Petrobras announced on Wednesday, April 1st, that it has obtained a financing contract with China Development Bank (CDB) for US$3.5 billion to be disbursed during 2015 and 2016. According to analysts this financing credit is likely to relieve some of the financial pressure on Brazil’s oil giant, which has found it difficult to obtain foreign credit due to the widespread corruption scandal that erupted last year.
The agreement, between CDB and Petrobras’ subsidiary Petrobras Global Trading BV, was signed during a visit by the oil giant’s director for Finance and Investor Relation, Ivan Monteiro, to the Asian country. The company also stated that the two entities plan to develop new projects in the near future.“This contract is an important step for the continuation of the strategic partnership with CDB, strengthening the synergies between the economies of the two nations,” stated Petrobras’ announcement.
The deal also comes just days after Brazil’s President Dilma Rousseff had announced the country’s participation as founding member of the Asian Infrastructure Investment Bank, which is seen as a China-led alternative to the World Bank.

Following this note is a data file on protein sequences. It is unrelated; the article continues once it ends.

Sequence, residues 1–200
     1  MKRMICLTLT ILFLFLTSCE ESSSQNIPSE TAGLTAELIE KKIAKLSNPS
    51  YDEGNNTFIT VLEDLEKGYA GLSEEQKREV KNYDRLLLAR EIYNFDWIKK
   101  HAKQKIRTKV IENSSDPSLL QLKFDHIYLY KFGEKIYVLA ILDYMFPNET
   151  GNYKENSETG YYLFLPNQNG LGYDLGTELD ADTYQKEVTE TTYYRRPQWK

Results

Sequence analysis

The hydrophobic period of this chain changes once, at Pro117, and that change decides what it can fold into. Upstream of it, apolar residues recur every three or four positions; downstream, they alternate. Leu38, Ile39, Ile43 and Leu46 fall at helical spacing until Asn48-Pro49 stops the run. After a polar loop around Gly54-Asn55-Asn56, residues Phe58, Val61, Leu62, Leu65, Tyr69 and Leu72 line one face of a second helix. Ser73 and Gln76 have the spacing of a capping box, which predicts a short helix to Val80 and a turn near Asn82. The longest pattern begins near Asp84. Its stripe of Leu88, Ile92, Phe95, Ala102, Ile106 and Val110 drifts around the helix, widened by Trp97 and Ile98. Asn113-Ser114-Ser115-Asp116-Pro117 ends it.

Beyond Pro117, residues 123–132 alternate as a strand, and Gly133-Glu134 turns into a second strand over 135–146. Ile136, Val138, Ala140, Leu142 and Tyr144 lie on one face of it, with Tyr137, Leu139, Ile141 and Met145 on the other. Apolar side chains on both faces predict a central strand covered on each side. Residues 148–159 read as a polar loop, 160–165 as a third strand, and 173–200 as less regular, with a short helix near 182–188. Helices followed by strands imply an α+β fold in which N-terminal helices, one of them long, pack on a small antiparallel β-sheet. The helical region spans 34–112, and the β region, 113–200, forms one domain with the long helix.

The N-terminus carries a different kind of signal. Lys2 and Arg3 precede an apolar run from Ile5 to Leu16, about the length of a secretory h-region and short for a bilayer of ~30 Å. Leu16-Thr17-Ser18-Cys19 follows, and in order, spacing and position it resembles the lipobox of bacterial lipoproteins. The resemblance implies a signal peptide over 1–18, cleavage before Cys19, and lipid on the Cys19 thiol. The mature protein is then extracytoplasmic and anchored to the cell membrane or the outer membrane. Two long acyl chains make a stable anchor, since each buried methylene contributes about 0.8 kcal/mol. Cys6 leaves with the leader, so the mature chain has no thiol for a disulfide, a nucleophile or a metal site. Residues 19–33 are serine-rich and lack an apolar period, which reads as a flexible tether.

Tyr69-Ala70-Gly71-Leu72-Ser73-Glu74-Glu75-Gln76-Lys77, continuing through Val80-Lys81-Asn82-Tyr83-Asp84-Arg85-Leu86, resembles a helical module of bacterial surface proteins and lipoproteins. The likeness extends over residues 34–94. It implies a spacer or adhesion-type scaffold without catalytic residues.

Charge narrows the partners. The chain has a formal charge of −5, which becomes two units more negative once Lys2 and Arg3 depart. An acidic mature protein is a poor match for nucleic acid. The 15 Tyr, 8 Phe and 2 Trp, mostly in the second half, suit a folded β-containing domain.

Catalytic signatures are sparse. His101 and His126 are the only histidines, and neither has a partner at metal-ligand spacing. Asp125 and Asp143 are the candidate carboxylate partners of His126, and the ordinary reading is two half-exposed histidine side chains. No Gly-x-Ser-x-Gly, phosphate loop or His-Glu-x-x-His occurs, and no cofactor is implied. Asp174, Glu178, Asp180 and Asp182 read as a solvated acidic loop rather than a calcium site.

Petrobras has been facing the worst crisis in its history since a widespread bribes-for-contracts scandal broke out last year, with former company directors being accused of taking millions of US dollars in kickbacks for fixing contracts.
Federal prosecutors have arrested dozens of executives from Brazil’s largest construction and engineering firms as well as several top former Petrobras executives. Some former executives have agreed to cooperate with prosecutors in exchange for reduced sentences.
Since the scandal, Petrobras’ situation has been deteriorating. The company twice delayed releasing its third quarter earning until the beginning of 2015. The balance results, however, were not audited by the company’s independent auditor (Price Waterhouse Coopers- PWC) and did not register the losses expected due to the corruption scandal.
In early February, Petrobras CEO, Maria das Graças Foster along with five of the board’s top executives, resigned. Later that month, Moody’s downgraded the company’s ratings to junk status.